Miami-Dade State Attorney Katherine Fernandez Rundle, in announcing Clenney’s arrest in August, described the model as the abuser in a stormy, on-again, off-again relationship. Clenney’s attorneys insist she fatally stabbed Obumseli in self-defense and that she was the true victim of domestic abuse.
Her defense attorneys, Frank Prieto and Sabrina Puglisi, said the evidence released by prosecutors “is a one-sided snapshot in time. It’s not the whole story.”
They said in a statement: “It’s missing context. The most sensational pieces of evidence are being cherry picked by reporters, without proper context, to feed the public’s curiosity with this case. What is clear to us is that the evidence shows the extreme emotions and dysfunction of a relationship off the rails.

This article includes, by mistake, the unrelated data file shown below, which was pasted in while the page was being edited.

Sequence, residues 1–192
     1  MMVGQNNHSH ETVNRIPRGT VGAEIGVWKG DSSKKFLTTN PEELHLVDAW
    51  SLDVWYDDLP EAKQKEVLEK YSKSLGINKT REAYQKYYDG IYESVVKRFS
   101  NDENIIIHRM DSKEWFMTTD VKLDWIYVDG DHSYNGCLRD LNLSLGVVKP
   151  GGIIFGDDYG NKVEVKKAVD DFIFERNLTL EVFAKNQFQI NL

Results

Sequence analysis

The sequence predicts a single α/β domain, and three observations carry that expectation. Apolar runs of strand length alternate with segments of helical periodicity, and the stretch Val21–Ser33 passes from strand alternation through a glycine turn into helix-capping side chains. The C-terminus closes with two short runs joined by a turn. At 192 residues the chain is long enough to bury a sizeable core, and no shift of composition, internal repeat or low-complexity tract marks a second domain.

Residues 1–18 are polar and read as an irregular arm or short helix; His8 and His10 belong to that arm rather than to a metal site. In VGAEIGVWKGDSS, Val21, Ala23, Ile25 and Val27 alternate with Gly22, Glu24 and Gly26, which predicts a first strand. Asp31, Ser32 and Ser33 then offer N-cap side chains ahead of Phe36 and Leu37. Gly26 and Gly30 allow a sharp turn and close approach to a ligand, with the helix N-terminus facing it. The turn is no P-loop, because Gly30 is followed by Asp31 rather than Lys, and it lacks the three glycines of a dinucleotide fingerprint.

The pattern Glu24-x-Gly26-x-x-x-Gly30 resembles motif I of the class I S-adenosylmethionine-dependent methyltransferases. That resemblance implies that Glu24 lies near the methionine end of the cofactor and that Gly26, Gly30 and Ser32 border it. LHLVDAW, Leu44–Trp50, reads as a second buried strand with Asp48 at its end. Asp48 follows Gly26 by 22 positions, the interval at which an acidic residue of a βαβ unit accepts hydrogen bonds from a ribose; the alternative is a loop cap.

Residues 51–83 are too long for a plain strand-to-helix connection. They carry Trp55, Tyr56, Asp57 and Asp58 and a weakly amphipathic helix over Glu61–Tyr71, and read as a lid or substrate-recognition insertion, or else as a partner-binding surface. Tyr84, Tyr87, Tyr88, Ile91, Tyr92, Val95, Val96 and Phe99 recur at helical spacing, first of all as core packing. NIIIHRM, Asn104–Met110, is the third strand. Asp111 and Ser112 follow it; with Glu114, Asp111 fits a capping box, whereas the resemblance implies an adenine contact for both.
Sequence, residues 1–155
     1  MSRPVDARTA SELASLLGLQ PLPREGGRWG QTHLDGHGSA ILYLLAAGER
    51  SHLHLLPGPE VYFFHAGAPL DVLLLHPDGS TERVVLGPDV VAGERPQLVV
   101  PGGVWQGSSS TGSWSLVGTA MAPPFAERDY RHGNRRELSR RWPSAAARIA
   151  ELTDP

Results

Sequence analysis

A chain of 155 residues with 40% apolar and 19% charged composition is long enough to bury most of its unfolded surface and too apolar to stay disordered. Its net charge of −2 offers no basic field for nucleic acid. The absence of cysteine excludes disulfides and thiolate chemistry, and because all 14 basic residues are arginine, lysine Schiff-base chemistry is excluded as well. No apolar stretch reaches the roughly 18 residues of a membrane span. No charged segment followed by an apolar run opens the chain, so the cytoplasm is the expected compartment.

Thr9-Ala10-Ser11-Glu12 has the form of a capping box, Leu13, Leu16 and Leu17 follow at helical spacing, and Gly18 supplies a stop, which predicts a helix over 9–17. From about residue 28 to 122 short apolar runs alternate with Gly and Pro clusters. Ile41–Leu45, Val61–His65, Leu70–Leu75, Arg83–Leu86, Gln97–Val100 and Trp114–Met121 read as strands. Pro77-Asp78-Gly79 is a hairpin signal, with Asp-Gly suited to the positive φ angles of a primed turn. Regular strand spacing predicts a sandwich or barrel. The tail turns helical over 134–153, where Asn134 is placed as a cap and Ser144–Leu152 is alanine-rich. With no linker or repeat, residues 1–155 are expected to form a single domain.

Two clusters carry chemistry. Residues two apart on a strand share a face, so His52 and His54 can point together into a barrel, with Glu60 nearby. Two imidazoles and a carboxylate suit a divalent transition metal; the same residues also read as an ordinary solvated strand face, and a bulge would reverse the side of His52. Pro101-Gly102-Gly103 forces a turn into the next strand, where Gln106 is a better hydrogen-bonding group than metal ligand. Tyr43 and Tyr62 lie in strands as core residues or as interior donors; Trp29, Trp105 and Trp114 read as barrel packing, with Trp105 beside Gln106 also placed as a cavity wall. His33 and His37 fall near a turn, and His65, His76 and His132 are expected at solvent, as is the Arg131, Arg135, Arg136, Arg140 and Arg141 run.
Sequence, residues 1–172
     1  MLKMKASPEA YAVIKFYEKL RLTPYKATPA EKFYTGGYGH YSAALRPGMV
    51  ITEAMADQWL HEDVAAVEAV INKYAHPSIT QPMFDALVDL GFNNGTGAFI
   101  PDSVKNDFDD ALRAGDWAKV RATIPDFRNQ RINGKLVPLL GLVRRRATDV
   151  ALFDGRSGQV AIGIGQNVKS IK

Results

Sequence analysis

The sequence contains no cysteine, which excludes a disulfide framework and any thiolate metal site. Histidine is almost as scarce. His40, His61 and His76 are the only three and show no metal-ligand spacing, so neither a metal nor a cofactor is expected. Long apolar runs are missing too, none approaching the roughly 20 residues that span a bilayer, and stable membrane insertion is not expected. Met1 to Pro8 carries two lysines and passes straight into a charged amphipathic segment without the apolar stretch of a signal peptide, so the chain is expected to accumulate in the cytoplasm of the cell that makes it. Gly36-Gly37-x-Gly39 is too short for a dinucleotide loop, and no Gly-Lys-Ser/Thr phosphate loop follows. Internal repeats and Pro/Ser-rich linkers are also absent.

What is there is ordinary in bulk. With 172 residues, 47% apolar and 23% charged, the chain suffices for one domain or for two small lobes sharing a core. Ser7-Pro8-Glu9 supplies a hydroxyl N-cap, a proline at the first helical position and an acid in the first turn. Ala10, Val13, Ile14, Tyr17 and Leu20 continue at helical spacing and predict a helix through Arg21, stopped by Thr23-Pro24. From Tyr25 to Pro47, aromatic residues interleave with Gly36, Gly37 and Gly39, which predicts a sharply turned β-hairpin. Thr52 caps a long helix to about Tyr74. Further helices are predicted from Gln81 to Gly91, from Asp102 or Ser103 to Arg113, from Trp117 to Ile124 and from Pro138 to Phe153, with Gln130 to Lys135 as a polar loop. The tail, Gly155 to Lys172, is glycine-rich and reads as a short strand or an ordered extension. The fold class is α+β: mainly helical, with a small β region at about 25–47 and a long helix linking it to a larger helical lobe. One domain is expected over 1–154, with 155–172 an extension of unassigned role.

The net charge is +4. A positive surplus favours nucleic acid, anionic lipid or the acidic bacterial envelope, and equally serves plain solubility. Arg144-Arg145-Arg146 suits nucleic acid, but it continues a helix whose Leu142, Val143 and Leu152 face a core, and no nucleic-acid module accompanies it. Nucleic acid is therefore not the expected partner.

“As we prepare Courtney’s defense for trial, we are currently piecing together all of the evidence, so the jury may understand the totality of the situation when it is presented to them at trial. Also, the majority of the records released so far have come from Christian’s cellphone. There is another side to this we look forward to presenting in court.”
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This week they also pointed to Miami police body-camera footage, released last month, in which Clenney — days before the killing — is seen saying Obumseli was stalking her and asking for a restraining order. He was not arrested in that case.
“These salacious headlines are distracting from the real issue. This is about the action she took that day to save her own life. It’s not about recordings, text messages, or previous fights,” the lawyers said in their statement. “Courtney is the victim of domestic violence and we believe she was failed by the system as she repeatedly asked for help.”